French Foreign minister Jean-Yves Le Drian reported yesterday morning that the Venezuelan government and the opposition will hold a round of talks in the Dominican Republic, remarking that the government risks being sanctioned by the European Union if they don’t participate. Le Drian issued his statement after meeting with his counterpart Jorge Arreaza in Paris, explaining that the talks will be hosted by president Danilo Medina and José Luis Rodríguez Zapatero, saying that he expects swift, concrete results.
The MUD issued a statement saying that dialogue hasn’t restarted, but that they’ll send a delegation to meet with president Danilo Medina to present their demands, taking the opportunity to reiterate their conditions for a potential negotiation: restoring the vote, setting a fixed electoral schedule including dates for gubernatorial, municipal and presidential elections; releasing political prisoners; dismissing political disqualifications and ending persecution; respecting branch autonomy and providing immediate attention to the economic and social emergency. Nicolás announced that mayor Jorge Rodríguez will be his representative.
Spanish José Luis Rodríguez Zapatero and Dominican Foreign minister Miguel Vargas urged the government and the opposition to start negotiations, as they’re convinced that there’s “a chance for a process of understanding, of mutual recognition and reconciliation.” According them, the process “must uphold the highest respect for democratic principles, human rights, social commitment and national sovereignty” and should be based on formal negotiations with guarantees.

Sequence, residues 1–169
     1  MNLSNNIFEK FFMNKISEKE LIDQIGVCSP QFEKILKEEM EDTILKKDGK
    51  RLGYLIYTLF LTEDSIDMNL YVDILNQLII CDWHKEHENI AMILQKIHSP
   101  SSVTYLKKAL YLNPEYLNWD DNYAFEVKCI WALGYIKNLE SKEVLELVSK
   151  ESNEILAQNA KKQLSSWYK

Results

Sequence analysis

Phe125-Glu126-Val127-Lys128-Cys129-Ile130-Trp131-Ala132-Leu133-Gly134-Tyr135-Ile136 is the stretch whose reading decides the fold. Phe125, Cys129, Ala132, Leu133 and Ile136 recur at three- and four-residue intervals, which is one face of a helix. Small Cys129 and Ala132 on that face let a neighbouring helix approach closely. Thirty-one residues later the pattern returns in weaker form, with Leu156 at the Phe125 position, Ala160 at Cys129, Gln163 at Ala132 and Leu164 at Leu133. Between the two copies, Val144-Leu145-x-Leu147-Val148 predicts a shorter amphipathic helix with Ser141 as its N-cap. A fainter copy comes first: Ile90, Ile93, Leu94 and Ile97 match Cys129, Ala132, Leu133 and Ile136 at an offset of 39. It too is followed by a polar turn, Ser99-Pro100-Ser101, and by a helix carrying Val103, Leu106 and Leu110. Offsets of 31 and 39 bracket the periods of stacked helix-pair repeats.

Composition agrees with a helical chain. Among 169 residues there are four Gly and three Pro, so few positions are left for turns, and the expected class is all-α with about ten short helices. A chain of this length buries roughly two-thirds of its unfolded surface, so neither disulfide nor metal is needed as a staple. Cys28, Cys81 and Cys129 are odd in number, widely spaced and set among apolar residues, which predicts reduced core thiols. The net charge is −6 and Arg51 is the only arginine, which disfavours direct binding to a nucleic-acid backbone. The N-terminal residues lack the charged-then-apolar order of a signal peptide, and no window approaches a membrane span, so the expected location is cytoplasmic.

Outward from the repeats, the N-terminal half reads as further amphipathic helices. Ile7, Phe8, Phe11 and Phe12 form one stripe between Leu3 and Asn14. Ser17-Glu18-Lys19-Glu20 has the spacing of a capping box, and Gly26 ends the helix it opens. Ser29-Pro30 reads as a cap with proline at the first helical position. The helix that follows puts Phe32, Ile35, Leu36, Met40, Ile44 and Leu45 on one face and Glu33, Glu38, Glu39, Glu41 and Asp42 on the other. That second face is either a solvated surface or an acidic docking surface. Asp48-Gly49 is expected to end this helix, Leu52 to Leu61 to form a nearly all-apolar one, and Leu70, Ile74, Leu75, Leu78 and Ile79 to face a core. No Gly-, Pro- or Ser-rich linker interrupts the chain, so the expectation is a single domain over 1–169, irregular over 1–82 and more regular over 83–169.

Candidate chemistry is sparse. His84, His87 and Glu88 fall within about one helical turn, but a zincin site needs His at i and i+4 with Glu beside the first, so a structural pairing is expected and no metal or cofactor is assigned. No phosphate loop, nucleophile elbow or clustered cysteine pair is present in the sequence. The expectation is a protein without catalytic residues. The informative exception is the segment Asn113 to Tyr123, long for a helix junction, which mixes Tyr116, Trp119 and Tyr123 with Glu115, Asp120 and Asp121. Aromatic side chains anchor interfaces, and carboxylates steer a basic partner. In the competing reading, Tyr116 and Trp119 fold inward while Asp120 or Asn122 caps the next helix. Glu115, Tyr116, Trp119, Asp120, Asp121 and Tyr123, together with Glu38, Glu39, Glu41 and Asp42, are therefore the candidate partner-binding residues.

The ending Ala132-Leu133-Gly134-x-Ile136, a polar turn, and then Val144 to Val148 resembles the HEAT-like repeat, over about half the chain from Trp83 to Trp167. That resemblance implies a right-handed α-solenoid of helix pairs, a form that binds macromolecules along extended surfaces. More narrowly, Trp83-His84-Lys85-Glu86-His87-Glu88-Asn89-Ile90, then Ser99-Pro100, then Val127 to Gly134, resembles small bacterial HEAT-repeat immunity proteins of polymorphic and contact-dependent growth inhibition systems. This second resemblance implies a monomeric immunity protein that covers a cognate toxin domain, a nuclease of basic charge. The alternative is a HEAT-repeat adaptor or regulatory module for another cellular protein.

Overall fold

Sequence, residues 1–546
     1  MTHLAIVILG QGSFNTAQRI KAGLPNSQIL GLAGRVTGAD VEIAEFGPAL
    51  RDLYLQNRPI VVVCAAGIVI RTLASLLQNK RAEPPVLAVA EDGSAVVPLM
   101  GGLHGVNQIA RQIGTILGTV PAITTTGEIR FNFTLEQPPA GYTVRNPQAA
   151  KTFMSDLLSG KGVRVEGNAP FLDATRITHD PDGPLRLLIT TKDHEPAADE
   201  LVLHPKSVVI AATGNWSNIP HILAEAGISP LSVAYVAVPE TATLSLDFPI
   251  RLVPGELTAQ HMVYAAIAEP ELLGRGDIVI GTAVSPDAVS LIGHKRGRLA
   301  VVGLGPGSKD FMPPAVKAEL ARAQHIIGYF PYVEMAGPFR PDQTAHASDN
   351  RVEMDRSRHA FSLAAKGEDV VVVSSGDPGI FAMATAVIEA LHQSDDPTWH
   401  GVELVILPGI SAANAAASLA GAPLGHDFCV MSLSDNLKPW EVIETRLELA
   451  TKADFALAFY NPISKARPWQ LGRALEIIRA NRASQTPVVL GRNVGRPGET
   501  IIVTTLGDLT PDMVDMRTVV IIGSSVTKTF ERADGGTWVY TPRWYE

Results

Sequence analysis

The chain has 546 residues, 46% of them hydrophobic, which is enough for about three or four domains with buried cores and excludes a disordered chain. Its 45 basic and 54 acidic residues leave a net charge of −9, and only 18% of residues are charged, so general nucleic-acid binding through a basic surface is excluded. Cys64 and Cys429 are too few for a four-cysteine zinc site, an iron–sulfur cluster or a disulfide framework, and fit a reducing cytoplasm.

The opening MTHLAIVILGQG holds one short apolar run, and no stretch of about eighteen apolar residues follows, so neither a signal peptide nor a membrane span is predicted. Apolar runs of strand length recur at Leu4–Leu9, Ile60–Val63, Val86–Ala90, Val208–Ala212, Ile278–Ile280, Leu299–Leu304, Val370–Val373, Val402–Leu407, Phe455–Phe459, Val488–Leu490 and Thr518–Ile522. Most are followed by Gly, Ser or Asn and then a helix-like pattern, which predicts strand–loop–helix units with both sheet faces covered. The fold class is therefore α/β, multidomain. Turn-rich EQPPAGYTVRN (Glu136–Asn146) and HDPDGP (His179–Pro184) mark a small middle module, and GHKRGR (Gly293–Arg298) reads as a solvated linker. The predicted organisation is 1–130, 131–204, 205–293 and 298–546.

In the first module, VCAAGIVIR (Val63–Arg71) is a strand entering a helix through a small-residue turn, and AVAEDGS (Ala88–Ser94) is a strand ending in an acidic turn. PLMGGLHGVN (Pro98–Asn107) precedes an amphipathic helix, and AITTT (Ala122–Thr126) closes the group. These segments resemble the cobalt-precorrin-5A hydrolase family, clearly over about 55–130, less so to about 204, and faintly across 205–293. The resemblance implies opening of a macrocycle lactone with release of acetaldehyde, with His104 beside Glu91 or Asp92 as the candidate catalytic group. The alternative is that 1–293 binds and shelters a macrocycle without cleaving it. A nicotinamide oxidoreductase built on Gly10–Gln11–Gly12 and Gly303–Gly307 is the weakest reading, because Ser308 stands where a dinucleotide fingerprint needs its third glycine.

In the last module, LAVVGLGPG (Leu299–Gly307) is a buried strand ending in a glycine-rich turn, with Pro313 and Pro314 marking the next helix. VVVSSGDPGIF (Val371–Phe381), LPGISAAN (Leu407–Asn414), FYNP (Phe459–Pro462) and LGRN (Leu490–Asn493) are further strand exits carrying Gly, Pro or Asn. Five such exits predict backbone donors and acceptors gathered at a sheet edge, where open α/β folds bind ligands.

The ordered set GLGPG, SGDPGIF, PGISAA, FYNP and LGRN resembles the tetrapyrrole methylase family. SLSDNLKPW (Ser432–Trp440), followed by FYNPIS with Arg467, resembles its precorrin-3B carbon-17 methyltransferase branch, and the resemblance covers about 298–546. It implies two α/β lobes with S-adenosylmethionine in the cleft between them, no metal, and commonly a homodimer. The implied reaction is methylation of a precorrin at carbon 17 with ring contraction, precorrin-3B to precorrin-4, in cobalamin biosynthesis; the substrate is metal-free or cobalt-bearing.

Those are really appropriate words for a Foreign minister, but cynical when coming from Zapatero, after all the time he’s bought for Nicolás.
The European Commissioner for Humanitarian Aid, Christos Stylianides, said that the European Union is working to find a “credible and significant” regional mediation between the government and the opposition, restating that the EU is considering sanctions, and adding that they believe in dialogue because “it’s the only way to relieve the suffering of the Venezuelan people.” He said they’re demanding urgent measures to reduce tensions and prevent the situation from declining even further.
UN head António Guterres expressed his support for dialogue and called on both parties to “take this opportunity to show their commitment to solve the country’s problems through mediation and peacefully.”
The United States believes that there will be no democratic solution for Venezuela’s political and economic crisis, as long as drug-trafficking pervades the State. The U.S. Assistant Secretary of State for International Narcotics, William Brownfield, expressed this opinion during a hearing before a Senate committee.
The U.S. ambassador in Venezuela between 2004 and 2007, said that our country poses a colossal threat for the region’s security and that 13 years after he first began working here as an ambassador, he believes that “there will be no long-term, democratic, prosperous and secure solution in Venezuela until there is a solution to the drug trafficking organization presence.”
Dialogue and rabbits